Though it may not seem that old, the computer mouse will soon celebrate a half-century of existence. Inventors Douglas Engelbart and Bill English began working on the device as early as 1963. English was the lead author of a 1965 report that featured the first print mention of the first mouse prototype. The Mother of All Demos, as the event has come to be known, took place on December 9, 1968, when Engelbart demonstrated his mouse, which moved rigidly along x/y axes.
During Dr. Herb Dershem’s long tenure in the department of computer science at Hope College, he saw a wide and fast-moving array of computer innovation. “When I began at Hope, the only way to interact with a computer was by a punch card,” he says. Dershem taught in the department for 44 years (1969-2013) during the period when the computer mouse was introduced, welcomed, and embraced, revolutionizing personal and business computing along the way. He is now director of institutional research at the college and can address such questions as:
How did the palm-sized contraption that we all know and love get its name?
How have the ergonomics, technology and functionality of the computer mouse changed since its invention?
How has the introduction and increased use of touch screens and voice recognition changed the way people use computer mice? Are they actually being used less frequently?
The Thanksgiving holiday is a perfect time to reflect on everything we are grateful for in our lives. Research shows that gratitude has daily benefits, both psychologically and physiologically, no matter the time of year.
Dr. Lindsey Root Luna, associate professor of psychology at Hope College, is a clinical psychologist who investigates how virtues are connected to our physiology. In particular, she is interested in the how embodying gratitude, mindfulness, forgiveness, and hope impact our psychological and physiological functioning. In a recent study with Hope neuroscience students, Root Luna investigated the influence of brief gratitude, mindfulness, and hope inductions in combating worry in college students. Although the mindfulness imagery had a greater impact on physiology, like muscle tension and respiration rate, gratitude imagery produced the most positive outcomes psychologically.
National Entrepreneurs’ Day on Wednesday, November 20 is a day to celebrate the hard-working, entrepreneurial men and women who have achieved success, sometimes against all odds, and were able to help a lot of people by creating jobs for them in the process. This day is celebrated during the month of November, which was declared as Entrepreneurship Month by President Barack Obama in 2012.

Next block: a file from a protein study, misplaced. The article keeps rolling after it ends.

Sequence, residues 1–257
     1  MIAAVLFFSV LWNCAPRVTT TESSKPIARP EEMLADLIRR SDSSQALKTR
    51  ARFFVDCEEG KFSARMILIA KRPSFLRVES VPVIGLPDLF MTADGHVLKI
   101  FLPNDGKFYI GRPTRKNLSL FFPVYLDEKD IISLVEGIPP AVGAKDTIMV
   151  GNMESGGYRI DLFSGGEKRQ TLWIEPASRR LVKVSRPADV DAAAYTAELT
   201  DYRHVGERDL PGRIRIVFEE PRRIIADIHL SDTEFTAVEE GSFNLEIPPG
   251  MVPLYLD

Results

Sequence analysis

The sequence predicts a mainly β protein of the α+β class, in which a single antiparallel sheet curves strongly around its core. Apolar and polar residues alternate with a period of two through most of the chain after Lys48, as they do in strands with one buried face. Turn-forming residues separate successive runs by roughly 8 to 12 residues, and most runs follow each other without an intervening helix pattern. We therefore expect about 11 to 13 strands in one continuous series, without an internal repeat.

Mary Ellen Kettelhut is the director of the entrepreneurship program at Hope. Also a coach in the college’s Center for Leadership since 2015, Kettelhut spent most of her career (30 years) working in marketing for Fortune 100 companies, such as Herman Miller, Quaker Oats, Gatorade and Gerber. Within those companies, Kettelhut launched 36 new products as those companies’ intra-preneur. She is uniquely qualified to address stories about the motivations, design, implementation and effects of entrepreneurial projects and their high community impact.
Thanksgiving Day is a day for people to remember all that they’re thankful for and to celebrate that gratitude with friends and family. It’s also a day when food and feasting take center stage on tables (and in stomachs) across the country. But where did much of our food originate and what is its place in history beyond the United States? Global food history and food identity are unique topics which Dr. Lauren Janes can address at this food-centric time of year.
Janes, associate professor of history at Hope, is a food history scholar and the author of one book on the subject with another forthcoming in 2020. Her first book, Colonial Food in Interwar France: The Taste of Empire, was published in 2016 by Bloomsbury Academic. Her next text, Nourishing the World: A Global History in Three Foods and One Dish, is currently under contract for Hackett Press and in the writing stages by Janes. She often weaves lessons about how different foods affected world history into her classes at Hope and in her May Term course in Paris as well.
At 11 a.m. on the 11th day of the 11th month of 1918, the first World War ended with Germany signing an armistice prepared by Britain and France. The “War to End All Wars” had lasted four years and four months. The United States’ involvement lasted a little more than a year, having declared war on Germany on April 6, 1917.
Dr. Jeanne Petit, professor of history and chair of the department, has conducted extensive research on the United War Work Campaign, an interfaith program that raised funds to support U.S. soldiers during World War I. As part of this project, Dr. Petit took four Hope students to the Library of Congress in summer 2015 as part of a Great Lakes College Association grant. Their final product was a website, For the Boys Over There: The 1918 United War Work Campaign.